Overview of Pain Therapy

There are many types of pain and many types of pain therapy. Just as each person responds differently to pain, each person also responds differently to pain treatments.

Persistent pain can affect all aspects of life. It can lead to depression and interfere with daily activities, such as eating, sleeping, and working.

Treatment for pain often depends on the cause (e.g., injury, disease, unknown cause), severity (e.g., mild, moderate, severe), category (e.g., nociceptive, neuropathic), and type (e.g., acute, chronic) of pain. Other factors that may be used to develop a pain treatment plan include the overall health of the patient, the patient's lifestyle, and the preferences of the patient and his or her pain management team.

Goals of pain therapy are to reduce or eliminate pain, maximize the patient's ability to function, and improve the patient's quality of life. In many cases, pain medications are the first course of treatment. This treatment, which can include over-the-counter (OTC) and/or prescription drugs, is also called pharmacotherapy.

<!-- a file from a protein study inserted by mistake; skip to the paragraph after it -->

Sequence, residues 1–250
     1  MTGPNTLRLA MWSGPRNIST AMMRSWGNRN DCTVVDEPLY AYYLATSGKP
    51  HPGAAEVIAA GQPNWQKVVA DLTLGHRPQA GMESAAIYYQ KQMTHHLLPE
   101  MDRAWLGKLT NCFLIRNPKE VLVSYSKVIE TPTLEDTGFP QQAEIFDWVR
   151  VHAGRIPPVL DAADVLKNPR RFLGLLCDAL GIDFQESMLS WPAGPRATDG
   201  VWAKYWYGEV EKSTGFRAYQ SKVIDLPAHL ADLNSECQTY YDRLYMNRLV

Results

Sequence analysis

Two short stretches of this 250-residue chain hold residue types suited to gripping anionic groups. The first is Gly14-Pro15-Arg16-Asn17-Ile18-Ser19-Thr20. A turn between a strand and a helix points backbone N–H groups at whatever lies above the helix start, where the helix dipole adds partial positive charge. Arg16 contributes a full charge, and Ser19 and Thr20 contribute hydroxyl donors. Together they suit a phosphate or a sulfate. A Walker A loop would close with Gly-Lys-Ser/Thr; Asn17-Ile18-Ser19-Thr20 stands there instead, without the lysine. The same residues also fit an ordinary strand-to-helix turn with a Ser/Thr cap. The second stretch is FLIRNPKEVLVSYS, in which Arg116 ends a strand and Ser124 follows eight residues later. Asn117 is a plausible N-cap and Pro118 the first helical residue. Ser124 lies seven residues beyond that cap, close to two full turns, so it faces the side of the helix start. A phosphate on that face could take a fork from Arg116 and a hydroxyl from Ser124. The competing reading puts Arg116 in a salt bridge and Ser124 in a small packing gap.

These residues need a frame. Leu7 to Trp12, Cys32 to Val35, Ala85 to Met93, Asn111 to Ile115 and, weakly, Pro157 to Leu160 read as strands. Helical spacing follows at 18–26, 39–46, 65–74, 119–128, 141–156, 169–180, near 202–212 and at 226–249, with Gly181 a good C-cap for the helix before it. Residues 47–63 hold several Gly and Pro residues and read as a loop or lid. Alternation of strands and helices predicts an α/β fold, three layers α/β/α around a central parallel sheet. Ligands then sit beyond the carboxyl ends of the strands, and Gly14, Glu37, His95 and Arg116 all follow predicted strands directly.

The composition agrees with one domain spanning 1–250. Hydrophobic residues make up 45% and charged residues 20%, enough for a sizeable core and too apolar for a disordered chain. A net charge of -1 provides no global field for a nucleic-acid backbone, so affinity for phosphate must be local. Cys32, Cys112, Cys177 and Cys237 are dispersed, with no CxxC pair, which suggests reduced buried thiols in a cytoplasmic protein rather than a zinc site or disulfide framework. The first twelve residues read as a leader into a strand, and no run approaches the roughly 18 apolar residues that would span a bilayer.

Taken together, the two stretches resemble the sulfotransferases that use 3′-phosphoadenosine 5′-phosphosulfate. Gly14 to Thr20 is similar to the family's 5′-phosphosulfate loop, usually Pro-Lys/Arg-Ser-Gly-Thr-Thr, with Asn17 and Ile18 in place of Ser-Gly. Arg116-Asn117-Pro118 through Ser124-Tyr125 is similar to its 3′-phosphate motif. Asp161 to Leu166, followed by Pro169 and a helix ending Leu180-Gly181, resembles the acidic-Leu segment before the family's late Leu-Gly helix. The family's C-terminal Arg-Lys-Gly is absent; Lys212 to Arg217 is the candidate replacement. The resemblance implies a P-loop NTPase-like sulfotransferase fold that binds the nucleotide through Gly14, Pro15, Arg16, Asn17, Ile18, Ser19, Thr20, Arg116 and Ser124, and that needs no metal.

Pain medications often are used in combination with other types of treatment, including the following:

  • Complementary and alternative medicine (CAM)
  • Counseling (e.g., individual therapy)
  • Injections (e.g., corticosteroids)
  • Neurostimulation (e.g., transcutaneous electrical nerve stimulation)
  • Rehabilitation techniques (e.g., physical therapy, lifestyle changes)
  • Surgery

Publication Review By: Stanley J. Swierzewski, III, M.D.

Published: 19 Jun 2007

Last Modified: 07 Nov 2014